Celebrating 25 Years of Scoop
Special: Up To 25% Off Scoop Pro Learn More

Video | Agriculture | Confidence | Economy | Energy | Employment | Finance | Media | Property | RBNZ | Science | SOEs | Tax | Technology | Telecoms | Tourism | Transport | Search

 

Consumers say ‘no’ to imported pork

=15 December 2008

Consumers say ‘no’ to imported pork


Consumers are beginning to reject imported pork and favour local product, according to the latest import figures.

A New Zealand Pork released report shows a 9 per cent drop in pork imports coming into the country, the first major drop in imports in 7 years.

“We believe New Zealanders are waking up to how much imported product is coming into the country” says Sam McIvor New Zealand Pork CEO. “The 9% drop is equivalent to 70,000kg per week. But the fact is there is still about 700,000 kgs a week coming in to be made into bacon and ham”.

“There is no doubt that New Zealanders want to know where their food comes from”. In February this year New Zealand Pork launched Country of Origin labelling to denote ‘100% New Zealand grown’ bacon and ham.

“We’ve made it available free to manufacturers and retailers who can prove they use New Zealand product, and we’ve struggled to keep up with demand. The very clear feedback we have from bacon manufacturers is that their New Zealand grown product is increasing in sales. As consumers are now buying their Christmas ham we’re sure we’ll see the same trend there too.”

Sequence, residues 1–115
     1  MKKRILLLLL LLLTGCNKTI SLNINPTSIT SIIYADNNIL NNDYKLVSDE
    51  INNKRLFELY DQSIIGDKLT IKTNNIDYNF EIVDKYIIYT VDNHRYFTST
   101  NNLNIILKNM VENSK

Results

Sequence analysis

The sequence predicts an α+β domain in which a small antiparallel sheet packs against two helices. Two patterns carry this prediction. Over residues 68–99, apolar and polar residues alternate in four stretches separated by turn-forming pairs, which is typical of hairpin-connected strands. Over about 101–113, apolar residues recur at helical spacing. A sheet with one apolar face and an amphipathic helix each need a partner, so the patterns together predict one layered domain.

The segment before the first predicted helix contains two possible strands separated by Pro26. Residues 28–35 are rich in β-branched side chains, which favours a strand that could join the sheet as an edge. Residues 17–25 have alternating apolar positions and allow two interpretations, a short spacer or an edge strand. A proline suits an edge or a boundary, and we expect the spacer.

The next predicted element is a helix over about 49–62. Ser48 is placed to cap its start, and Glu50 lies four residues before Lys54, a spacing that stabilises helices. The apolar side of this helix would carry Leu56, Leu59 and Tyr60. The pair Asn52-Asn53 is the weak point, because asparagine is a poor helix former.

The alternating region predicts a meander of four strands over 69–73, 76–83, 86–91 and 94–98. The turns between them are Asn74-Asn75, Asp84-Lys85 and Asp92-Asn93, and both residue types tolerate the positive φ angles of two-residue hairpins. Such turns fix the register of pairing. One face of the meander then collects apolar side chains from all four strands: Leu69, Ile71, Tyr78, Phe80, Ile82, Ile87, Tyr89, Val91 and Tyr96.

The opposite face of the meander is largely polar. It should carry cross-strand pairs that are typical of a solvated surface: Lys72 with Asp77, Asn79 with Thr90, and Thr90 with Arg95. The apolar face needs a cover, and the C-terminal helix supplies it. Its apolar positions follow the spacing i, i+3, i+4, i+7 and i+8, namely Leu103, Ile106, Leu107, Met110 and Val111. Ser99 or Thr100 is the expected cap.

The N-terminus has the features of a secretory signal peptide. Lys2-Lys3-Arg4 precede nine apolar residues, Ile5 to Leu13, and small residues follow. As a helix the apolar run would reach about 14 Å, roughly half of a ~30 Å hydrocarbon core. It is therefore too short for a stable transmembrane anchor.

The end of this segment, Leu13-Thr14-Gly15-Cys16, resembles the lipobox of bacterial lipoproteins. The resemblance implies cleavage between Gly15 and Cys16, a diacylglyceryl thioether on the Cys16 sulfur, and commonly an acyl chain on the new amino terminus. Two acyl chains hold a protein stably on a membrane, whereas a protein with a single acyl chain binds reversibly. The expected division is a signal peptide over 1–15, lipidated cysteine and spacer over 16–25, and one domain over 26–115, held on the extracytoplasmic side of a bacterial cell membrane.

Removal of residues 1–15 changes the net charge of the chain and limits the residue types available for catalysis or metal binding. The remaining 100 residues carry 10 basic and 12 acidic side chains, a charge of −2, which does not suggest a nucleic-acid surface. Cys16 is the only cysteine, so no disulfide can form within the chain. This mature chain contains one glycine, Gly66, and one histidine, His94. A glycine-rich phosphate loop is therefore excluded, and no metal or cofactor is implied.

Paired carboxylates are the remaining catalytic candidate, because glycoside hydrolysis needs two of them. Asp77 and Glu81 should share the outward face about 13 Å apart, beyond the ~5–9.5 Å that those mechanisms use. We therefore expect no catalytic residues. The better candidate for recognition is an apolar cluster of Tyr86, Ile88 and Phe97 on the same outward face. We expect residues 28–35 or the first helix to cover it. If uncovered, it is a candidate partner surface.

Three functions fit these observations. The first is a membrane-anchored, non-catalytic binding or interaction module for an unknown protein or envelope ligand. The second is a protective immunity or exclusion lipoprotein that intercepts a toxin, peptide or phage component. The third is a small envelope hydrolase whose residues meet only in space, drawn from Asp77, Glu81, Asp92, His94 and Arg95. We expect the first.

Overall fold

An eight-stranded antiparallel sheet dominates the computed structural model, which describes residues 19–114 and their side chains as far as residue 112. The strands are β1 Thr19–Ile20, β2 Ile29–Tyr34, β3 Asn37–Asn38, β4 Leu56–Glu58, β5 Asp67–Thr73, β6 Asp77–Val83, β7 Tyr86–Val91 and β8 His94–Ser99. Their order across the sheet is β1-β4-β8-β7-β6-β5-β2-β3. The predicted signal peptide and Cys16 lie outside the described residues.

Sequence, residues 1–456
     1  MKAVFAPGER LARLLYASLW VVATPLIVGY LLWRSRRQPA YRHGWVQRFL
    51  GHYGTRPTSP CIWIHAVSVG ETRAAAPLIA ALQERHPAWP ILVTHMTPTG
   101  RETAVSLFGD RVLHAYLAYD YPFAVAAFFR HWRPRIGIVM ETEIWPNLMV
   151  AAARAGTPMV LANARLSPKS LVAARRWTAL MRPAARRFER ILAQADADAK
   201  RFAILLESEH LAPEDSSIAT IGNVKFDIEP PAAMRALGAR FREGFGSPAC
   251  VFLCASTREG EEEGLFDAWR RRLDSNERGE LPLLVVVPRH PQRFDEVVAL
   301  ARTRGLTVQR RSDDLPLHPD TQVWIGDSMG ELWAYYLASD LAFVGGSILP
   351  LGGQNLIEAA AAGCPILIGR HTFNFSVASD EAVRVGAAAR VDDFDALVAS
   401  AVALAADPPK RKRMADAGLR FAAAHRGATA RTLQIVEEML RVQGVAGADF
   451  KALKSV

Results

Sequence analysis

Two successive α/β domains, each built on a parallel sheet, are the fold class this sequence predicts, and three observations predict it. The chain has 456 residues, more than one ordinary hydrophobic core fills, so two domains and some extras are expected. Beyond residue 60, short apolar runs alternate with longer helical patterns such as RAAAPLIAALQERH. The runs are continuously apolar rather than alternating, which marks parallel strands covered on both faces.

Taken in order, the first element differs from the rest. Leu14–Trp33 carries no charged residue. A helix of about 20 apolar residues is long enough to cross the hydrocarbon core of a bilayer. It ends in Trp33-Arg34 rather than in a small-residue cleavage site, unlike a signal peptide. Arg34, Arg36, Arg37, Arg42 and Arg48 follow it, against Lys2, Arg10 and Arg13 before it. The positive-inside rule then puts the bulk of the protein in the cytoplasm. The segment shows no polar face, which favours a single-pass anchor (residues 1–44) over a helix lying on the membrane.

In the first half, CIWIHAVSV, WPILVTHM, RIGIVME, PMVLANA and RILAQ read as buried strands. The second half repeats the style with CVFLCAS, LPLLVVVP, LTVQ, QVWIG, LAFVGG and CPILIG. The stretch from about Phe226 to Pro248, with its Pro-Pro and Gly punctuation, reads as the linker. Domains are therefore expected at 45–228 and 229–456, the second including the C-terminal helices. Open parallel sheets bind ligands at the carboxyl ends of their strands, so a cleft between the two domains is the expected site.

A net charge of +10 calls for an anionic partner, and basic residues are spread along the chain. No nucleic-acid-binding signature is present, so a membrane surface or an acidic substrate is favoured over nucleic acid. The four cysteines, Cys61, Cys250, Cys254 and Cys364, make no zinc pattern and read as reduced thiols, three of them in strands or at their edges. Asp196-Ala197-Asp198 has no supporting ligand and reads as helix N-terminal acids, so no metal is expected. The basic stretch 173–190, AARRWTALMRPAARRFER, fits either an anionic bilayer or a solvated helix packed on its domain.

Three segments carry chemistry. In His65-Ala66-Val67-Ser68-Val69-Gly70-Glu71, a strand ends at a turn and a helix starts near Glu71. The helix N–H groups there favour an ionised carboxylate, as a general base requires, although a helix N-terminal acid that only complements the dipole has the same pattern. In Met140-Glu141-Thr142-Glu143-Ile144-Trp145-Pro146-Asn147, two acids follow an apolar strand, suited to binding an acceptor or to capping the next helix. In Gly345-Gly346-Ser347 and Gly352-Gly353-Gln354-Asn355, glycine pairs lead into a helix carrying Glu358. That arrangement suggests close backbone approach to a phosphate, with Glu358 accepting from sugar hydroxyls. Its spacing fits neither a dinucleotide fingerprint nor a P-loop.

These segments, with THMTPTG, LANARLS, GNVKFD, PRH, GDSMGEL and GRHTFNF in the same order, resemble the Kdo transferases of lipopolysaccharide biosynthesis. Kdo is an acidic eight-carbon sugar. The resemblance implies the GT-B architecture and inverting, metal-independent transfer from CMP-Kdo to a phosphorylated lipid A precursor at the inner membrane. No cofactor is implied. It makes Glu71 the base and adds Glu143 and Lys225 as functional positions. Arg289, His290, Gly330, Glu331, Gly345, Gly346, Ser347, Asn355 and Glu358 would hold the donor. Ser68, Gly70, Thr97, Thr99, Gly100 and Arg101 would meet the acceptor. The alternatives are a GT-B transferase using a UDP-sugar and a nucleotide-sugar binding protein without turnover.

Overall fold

McIvor says that in the tough financial times consumers are reverting to brands they can trust, and the 100% New Zealand message is a key component of that trust.

“This is a poignant reminder to legislators who have rejected calls for Country of Origin Labelling. We’ve taken the lead to inform consumers. My advice this Christmas is to look for the 100% New Zealand pork, bacon or ham label to ensure they buy local.”

ENDS

Advertisement - scroll to continue reading

Are you getting our free newsletter?

Subscribe to Scoop’s 'The Catch Up' our free weekly newsletter sent to your inbox every Monday with stories from across our network.

© Scoop Media

Advertisement - scroll to continue reading
 
 
 
Business Headlines | Sci-Tech Headlines

 
 
 
 
 
 
 
 
 
 
 
 
 

Join Our Free Newsletter

Subscribe to Scoop’s 'The Catch Up' our free weekly newsletter sent to your inbox every Monday with stories from across our network.